eWeek presents an interview with Yusuf Mehdi, corporate vice president for the MSN personal services and business division who says that MSN will focus its efforts in delivery direct-marketing solutions and a new advertising platform. According to Mehdi, “The online advertising market is now “clicking” and growing strongly”, while spam, intrusive advertising and pop-up ads were the major sources of user dissatisfaction with the Internet in 2003.”
Wendy M. Grossman, the author of Net.wars and online columist, has an interesting article today entitled: Viral marketing is dead: tell all your friends. She starts talking about a recent meeting run by IAB Uk, than she presents her opinions on online advertising and viral marketing. Even though I don’t agree with everything she says, I believe it’s nice to hear different points of view.
New findings about media consumption by teens and young adults are reported today by MediaPost. According to a research by Yahoo! and Carat North America, teens and young adults consume many different types of media, but the Internet surpasses them all in the amount of time spent, which in an average week is as follows: (1) 16.7 hours online (excluding email), (2) 13.6 hours watching TV, (3) 12 hours listening to the radio, (4) 7.7 hours talking on the phone, (5) Six hours reading books and magazines (personal, not scholastic). In the article you can also find further interesting figures presented by Yahoo! at the “Born to be Wired” conference for marketers.
Tessa Wegert talks about advergaming in her latest column on ClickZ. It’s a nice article that summarizes a lot of the key issues about advergames. A special focus is on interactive scratch cards, and you might remember me talking about KLM online game a couple of months ago.
Interactivity will not kill tv advertising, on the contrary, it will help it. Basically this is the message by John Battelle in his recent article on Business 2.0 concerning Honda television commercial “Cog” which created an online viral buzz.
As Revolution Magazine reports today, Virgin Atlantic is starting a new campaign to target premium travellers, in its competition game with British Airways. It will invest about �50m to relaunch it Upper Class Suite. The campaign will be run through direct mailing as well as through email marketing, brochures and a microsite. The creative agency for this campaign is (of course Smart, which I suppose is an Australian agency…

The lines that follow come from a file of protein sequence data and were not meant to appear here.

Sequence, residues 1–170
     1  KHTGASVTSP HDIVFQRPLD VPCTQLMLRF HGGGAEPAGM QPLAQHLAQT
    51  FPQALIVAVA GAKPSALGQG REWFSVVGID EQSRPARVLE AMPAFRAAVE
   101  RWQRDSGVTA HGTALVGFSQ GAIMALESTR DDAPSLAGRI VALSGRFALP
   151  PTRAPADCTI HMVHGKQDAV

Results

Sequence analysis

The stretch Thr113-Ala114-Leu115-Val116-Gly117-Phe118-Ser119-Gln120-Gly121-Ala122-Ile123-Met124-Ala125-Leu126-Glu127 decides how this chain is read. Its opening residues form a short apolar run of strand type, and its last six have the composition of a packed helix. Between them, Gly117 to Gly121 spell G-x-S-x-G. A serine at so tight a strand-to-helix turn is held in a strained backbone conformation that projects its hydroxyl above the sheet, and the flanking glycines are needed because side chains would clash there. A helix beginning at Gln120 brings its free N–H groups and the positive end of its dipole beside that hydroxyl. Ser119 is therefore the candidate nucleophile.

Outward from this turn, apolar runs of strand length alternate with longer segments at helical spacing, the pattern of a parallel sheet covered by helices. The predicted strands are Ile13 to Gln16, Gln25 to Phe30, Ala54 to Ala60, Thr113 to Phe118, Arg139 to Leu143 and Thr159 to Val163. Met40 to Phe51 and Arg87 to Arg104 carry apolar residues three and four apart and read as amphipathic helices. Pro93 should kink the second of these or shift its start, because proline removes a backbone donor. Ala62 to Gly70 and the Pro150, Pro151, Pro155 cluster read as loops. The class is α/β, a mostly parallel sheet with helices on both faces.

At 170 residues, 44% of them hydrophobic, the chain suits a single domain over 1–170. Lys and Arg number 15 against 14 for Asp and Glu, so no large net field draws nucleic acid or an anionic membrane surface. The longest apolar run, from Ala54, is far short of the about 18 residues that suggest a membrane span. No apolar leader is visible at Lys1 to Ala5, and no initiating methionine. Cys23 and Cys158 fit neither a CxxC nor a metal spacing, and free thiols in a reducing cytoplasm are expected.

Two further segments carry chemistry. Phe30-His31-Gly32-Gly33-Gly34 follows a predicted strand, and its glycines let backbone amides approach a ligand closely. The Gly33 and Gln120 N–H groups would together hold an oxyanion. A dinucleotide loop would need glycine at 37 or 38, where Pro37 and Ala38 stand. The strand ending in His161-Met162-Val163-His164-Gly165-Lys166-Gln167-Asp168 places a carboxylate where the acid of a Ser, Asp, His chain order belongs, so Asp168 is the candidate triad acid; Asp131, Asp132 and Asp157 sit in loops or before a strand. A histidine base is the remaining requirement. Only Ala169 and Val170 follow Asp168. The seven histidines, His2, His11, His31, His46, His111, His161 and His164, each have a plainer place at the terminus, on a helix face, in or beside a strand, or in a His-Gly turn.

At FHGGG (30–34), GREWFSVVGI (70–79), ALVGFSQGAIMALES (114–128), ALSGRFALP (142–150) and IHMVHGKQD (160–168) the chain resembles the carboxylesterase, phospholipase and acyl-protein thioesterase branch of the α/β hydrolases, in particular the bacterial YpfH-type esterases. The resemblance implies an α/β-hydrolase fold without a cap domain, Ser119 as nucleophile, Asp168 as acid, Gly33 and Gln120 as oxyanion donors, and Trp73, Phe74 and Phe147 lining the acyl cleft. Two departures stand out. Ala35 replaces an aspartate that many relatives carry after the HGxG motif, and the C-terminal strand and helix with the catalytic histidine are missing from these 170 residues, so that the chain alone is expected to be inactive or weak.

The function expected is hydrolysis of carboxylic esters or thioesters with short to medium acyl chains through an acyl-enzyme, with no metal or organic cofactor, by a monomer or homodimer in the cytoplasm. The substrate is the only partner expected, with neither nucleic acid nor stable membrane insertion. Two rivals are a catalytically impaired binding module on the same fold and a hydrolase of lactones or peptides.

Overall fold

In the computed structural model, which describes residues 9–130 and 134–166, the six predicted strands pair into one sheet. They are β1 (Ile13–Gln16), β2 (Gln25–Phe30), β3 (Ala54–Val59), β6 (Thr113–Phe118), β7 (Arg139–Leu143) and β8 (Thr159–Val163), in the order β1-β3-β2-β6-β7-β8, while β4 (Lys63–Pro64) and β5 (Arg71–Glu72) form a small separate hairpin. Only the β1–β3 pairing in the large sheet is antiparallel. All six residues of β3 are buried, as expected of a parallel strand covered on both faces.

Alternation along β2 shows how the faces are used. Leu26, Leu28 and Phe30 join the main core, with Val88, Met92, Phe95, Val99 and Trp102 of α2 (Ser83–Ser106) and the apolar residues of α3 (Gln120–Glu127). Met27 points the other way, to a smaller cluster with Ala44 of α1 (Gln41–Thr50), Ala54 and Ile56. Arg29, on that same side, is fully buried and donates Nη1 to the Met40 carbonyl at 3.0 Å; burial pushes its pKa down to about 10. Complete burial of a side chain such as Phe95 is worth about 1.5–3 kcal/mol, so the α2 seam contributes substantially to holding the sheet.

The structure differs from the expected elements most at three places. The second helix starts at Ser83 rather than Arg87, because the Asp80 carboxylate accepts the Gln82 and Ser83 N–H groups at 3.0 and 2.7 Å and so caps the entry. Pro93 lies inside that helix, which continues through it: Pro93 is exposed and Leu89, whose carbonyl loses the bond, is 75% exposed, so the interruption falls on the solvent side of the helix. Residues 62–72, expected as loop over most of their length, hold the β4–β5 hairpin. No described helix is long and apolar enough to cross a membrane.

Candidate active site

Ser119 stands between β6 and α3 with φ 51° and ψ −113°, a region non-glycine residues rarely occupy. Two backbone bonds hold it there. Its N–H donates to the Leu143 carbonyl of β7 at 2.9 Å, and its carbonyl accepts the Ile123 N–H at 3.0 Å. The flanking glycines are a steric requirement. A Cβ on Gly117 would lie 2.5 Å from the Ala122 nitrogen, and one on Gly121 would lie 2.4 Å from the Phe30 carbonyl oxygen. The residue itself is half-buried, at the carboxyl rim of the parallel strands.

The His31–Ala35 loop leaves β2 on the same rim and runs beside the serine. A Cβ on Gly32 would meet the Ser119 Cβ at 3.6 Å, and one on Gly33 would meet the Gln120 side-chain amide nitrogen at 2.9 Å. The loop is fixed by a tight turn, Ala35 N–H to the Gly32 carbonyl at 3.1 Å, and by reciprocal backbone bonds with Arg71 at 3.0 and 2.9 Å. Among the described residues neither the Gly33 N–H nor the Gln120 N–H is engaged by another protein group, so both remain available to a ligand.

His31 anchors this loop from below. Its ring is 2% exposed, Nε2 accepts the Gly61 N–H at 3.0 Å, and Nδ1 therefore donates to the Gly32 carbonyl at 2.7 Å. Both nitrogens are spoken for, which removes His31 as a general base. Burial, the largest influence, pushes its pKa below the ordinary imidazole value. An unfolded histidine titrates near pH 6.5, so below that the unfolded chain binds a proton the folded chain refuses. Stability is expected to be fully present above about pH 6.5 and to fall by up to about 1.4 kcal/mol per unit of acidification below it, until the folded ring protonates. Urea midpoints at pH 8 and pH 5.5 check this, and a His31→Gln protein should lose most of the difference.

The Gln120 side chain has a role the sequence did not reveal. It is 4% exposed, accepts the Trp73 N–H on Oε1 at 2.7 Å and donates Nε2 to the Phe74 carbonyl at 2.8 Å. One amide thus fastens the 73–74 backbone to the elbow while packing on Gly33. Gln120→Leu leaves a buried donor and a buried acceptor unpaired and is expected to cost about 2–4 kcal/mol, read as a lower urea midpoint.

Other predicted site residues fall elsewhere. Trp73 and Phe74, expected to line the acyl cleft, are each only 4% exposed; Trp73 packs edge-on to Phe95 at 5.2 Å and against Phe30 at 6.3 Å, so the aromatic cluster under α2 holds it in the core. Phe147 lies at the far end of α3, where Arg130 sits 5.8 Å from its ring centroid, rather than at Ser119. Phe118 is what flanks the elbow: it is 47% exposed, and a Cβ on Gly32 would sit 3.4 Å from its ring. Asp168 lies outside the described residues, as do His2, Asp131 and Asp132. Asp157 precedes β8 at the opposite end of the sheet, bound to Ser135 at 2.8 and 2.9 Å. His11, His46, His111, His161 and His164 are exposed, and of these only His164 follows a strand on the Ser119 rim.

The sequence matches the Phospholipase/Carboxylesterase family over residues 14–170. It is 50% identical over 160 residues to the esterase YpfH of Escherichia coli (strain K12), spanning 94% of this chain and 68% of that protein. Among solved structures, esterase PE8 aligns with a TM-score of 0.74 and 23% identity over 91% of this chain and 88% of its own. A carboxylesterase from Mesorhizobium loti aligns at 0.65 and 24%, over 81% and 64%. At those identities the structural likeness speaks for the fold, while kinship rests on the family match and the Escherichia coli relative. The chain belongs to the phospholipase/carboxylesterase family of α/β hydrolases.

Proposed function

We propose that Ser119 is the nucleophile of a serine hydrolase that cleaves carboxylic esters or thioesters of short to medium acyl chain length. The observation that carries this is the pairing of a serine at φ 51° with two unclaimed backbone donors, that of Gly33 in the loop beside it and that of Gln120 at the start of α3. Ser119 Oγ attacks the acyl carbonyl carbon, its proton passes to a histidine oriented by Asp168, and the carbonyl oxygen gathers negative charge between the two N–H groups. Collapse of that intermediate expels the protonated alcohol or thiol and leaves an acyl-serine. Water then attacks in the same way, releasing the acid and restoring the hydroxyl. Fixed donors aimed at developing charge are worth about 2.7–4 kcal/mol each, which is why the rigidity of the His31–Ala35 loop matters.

Pop icon Paul McCartney today fired a salvo for chicken rights, accusing fast food giant KFC of condoning cruelty to the “remarkable” birds that end up as take-away meals. As Smh.com.au reports that “These remarkable animals are deserving of at least a little kindness,” he said in the letter written on behalf of People for the Ethical Treatment of Animals, which this month sued KFC for allegedly disguising “grotesque abuses inflicted upon chickens by suppliers” in its online advertising.”
A new research by DoubleClick, reported today on MediaPost suggests that rich media usage continues to grow quarter by quarter, while larger ads have surpassed the smaller options in popularity. The article is pretty good because it’s filled with interesting numbers on the diffusion of different online ads formats. Large formats are getting more and more popular: for example, the leaderboard, a wide unit (728 x 90) that often appears at the top of web pages, is now the fastest growing size at 562% growth from Q2 2002, and is now the fourth most common size served by DoubleClick. Half-page ads (550 x 480) had the second highest response rate at .90%.
On CnnMoney I read this article’s title: Amazon expands free shipping in Europe. Great, I said, I won’t have to pay for shipping the tons of dvd and books I usually from Amazon.co.uk every couple of months! Well, it’s not exactly like that:“Online retailer Amazon.com expanded its free shipping offer in the United Kingdom in a move to boost its overseas customer base and meet its international sales targets, the company said Wednesday.”
Well, the UK is just the UK, Europe is something different, don’t deceive me
Google will provide target advertising and web search to Weather.com. The news is reported in a press release on Biz Yahoo!. I’m always astonished by reading the high-sounding declarations that usually come with these business deals, and Weather.com makes no exception by saying through Joe Fiveash, senior vice president of Product and Business Development:“Weather.com wants to present our users with information that is the most relevant to them. By adding Google’s search services, we make finding information about any topic just as easy as finding out how the weather will affect your life.”
Wow, these guys are soooo nice to users, they really care about them and their life… Please, don’t forget business is… business, not charity!
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